#SteveReviews: Beak and Brain
For a long time, as long as I can remember I’ve been fascinated by the unique fauna of New Zealand. Thankfully I was given the opportunity to visit earlier this year and see some it for myself. I wish I had more time but I’m sure there will be another opportunity in the future. Like everyone else I’m familiar with the plight of kiwis and the kakapo so it’s refreshing to see a documentary with another New Zealand endemic, the kea. Beak and Brain is a 2013 documentary that takes a closer look at these large parrots as well as the crows of New Caledonia. Both species are particularly good at solving puzzles which makes them the perfect study species for cognition in animals.
In general there is some remarkable footage that is surprisingly funny at times, such as keas destroying cars at a ski resort. Who would have guessed than an Endangered parrot would enjoy taking cars to pieces? It certainly makes for interesting watching but it also highlights their intuition, curiosity and the versatility of their beaks. With the right tools and the processing power to use them properly, they’re definitely evidence that ‘bird brained’ should no longer be used as an insult for someone who is stupid or unintelligent. Whilst the documentary only focusses on two species, it draws great parallels between the two as well as discussing the conservation and threats of keas in their homeland of New Zealand.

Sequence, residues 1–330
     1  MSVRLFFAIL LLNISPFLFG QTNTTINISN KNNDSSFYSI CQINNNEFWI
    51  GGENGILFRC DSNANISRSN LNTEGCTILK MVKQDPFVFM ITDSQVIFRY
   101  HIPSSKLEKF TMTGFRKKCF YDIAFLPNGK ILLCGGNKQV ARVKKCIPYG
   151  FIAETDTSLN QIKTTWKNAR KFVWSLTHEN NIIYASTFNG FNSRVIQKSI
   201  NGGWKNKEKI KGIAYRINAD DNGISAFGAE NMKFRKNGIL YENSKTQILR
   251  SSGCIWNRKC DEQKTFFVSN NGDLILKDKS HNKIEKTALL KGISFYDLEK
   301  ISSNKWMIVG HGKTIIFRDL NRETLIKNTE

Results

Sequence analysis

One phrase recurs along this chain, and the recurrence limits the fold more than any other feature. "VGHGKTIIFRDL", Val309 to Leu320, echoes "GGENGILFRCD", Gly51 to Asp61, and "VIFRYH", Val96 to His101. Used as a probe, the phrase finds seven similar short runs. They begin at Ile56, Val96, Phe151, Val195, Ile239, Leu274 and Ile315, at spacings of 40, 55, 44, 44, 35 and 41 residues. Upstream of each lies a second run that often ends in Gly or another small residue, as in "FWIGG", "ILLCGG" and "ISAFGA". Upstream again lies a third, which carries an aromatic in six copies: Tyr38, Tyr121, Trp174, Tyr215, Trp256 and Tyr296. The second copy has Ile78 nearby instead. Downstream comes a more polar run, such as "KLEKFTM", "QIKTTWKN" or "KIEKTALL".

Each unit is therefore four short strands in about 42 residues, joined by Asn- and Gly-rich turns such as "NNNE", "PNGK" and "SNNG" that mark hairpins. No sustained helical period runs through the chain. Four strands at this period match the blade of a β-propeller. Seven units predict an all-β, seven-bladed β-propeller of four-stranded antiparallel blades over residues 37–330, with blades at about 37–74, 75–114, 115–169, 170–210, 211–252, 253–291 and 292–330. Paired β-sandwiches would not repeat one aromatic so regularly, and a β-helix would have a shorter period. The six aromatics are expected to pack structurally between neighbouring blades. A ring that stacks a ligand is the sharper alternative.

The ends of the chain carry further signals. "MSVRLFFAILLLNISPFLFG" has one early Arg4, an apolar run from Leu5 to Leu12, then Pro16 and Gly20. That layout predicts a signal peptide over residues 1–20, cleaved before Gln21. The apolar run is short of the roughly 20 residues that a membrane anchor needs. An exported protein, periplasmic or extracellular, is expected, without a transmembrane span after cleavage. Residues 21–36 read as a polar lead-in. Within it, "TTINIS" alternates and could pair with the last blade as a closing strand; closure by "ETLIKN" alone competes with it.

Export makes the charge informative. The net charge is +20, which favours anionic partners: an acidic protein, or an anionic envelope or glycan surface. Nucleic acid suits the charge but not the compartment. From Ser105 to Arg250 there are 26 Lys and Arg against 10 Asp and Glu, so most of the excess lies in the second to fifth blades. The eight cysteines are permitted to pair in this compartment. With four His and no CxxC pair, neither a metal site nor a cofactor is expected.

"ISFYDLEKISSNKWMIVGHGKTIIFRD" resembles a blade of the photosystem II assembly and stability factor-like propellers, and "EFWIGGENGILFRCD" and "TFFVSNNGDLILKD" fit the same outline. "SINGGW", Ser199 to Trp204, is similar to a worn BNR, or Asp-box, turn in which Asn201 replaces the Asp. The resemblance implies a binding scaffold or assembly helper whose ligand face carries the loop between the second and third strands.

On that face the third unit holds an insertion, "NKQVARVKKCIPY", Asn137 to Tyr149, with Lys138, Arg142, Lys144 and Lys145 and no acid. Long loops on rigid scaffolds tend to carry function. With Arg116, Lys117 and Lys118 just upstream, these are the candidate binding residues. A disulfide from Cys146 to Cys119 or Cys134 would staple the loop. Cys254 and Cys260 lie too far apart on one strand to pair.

There is a seamless blend of footage from the wild individuals and of that involving captive ones taking part in various different experiments. The narration too is quite charming, being very clear and precise. At times there is a bit too much anthropomorphism at times but that can’t be helped, given the parallels between family groups of intelligent birds and ourselves. Keas learn their skills from their parents much like we do which gives them the ability to solve challenges that they’ve never encountered before or been trained to solve. The recent implications of the more widespread intelligence in birds than previously thought may have have knock-on effects for our views of the intelligence of the ancestors of birds, dinosaurs.
It’s quite lighthearted and I can see Beak and Brain appealing to a wide audience, I’d certainly recommend it to anyone with an interest in natural history, wildlife or zoology. It’s not the familiar formula we’re used to with productions by the greats such as David Attenborough but Beak and Brain is still exciting, education and enjoyable.
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